Post 70.

What a difference a year makes. When Zi was about ten months, she spent the first night away from home, by my mother, and, while Stone dropped her over, I was left alone at home for the first time since she was born. Amidst exhaustion from work plus breastfeeding plus sleeplessness, I still found the energy to miss her. Well, no more!

Today she left with her dad to celebrate her grandfather’s birthday with the family. Amidst exhaustion from work plus breastfeeding plus sleeplessness plus having-a-fractured-cheekbone , I happily waved them off as they left, feeling no longing at all for either to immediately return.

There were dilemmas of course. Stone’s mom had personally called to ask me to come over, reminding me that last year I also found some reason not to come. I like Stone’s family and genuinely wanted to go, but the only times Stone voluntarily takes Zi anywhere for hours at a time is when he takes her to see her grandparents. These are, therefore, the only times that I am left home alone. Such times are rare and precious. After a long week at work, it’s hard to trade them for another day on the road, out of the house, among people, responsible for Zi, and unable to ignore everything and everyone for a few hours of quiet freedom.

With my freedom, of course, I planned to fold and put away a small mountain of clothes, sort and organise a large molehill of toys, finish writing an overdue essay, wash the dishes, feed the dogs and generally tidy around the house. Before Zi was born, I similarly used to go around compulsively tidying. Any stranger walking through might have mistaken our house for a minor hotel because things were always in straight lines and neatly in their assigned place. Well, no more!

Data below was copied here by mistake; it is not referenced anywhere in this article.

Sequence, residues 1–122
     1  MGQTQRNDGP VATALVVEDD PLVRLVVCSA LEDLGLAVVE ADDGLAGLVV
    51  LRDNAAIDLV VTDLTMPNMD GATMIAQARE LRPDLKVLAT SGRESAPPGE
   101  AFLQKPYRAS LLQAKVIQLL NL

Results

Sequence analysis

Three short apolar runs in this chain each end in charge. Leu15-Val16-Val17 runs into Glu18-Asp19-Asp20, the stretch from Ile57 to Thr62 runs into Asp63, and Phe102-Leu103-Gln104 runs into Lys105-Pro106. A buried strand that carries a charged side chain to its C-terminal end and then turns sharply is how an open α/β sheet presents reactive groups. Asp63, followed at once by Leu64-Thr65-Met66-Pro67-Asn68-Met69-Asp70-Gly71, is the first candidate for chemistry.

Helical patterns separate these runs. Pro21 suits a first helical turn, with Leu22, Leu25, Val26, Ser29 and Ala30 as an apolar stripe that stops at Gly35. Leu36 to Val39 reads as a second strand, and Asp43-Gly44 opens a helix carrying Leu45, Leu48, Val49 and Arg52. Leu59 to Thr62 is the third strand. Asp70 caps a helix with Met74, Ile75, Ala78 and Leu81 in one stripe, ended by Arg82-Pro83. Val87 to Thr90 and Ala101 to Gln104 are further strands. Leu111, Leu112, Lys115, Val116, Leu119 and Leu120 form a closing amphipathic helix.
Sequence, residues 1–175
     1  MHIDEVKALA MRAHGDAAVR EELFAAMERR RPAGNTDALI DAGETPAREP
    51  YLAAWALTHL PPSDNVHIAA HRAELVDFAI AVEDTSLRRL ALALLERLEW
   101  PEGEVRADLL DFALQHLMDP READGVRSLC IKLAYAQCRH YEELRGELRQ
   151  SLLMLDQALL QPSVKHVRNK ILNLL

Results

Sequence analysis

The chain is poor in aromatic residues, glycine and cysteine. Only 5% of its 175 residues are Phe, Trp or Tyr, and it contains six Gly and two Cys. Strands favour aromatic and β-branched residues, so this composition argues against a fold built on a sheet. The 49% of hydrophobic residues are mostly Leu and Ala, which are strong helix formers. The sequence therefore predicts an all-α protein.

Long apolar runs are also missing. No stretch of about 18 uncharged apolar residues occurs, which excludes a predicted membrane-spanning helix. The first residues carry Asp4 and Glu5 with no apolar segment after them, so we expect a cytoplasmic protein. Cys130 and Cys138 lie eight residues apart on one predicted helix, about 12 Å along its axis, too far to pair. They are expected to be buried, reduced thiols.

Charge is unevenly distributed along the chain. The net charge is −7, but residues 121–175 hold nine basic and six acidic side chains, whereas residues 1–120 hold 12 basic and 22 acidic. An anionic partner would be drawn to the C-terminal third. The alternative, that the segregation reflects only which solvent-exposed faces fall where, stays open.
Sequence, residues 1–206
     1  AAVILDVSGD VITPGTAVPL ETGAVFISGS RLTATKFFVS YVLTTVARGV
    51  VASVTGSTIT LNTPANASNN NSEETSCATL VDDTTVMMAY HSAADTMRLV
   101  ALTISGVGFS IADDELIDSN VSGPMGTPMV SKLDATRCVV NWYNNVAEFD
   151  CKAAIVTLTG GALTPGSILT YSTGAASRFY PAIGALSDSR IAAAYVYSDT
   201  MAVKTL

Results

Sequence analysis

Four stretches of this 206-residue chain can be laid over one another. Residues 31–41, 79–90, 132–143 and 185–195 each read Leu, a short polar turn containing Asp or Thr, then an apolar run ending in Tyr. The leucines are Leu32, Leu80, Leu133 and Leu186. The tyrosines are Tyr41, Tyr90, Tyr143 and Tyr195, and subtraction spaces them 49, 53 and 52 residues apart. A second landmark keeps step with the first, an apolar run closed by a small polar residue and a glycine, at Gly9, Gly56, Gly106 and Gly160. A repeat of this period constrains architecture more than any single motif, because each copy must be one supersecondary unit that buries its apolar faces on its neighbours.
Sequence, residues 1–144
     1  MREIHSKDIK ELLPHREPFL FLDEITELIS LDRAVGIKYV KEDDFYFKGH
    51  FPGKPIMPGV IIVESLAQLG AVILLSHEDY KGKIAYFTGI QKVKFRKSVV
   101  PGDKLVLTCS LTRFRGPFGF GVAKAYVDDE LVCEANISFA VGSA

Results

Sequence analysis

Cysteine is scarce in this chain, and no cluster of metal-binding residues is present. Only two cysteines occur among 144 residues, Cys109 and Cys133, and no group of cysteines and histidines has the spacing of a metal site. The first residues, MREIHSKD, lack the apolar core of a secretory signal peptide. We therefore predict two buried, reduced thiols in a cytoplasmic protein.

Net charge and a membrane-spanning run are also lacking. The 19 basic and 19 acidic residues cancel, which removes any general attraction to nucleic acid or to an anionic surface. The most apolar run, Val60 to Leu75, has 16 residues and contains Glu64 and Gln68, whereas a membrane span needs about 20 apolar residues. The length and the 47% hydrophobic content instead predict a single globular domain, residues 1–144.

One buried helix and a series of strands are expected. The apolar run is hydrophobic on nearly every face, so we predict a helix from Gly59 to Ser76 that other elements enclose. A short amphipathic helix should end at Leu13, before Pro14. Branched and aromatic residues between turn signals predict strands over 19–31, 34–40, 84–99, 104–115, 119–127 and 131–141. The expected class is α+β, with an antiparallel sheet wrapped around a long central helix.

The clothes sat depressed and unattended, the jumbled toys made claustrophobic pleas that were ignored, the essay slummed with a motley crue of low-priority tasks, and the tidying sighed in despair all over the house. I didn’t care. Such a difference, after only a year.

There were dilemmas of course. I felt guilty that I could have been using my time more productively instead of lying about reading. I kept thinking that if I did all my chores while Zi was gone then I’d be able to spend better quality time while she was here instead of putting her aside to put away clothes during our few, just as precious, weekend days together. I’d be a better mother if I got all this stuff done now, I thought. ‘I’m tired!’ I then thought, ‘rebel!’, although it was not clear who I was rebelling against as I’d have to eventually face up to the clothes anyway.

When I was childless, I didn’t have to value my time because it was all mine. When I had Zi, I was willing to give it up, seemingly endlessly. Well no more! When Stone called to say they were on their way home, my first instinct was to think, ‘already!’

So much for love.

‘Did you get anything done?’ he asked. ‘Like what? No.’ I said ambiguously, and pointedly, deciding I would write history as if I spent my freedom revelling in time spent without clearly set or achieved goals.

Thus passed about three hours of learning how hard, but yet necessary, it is to say no to family, chores, work and even your own obsessions with cleanliness in order to give yourself a few minutes to do nothing at all, guiltlessly. Miss Ziya? Miss Stone? Hah! No more!

I suppose I’m right on schedule with most moms. What I’ve actually missed is time for me.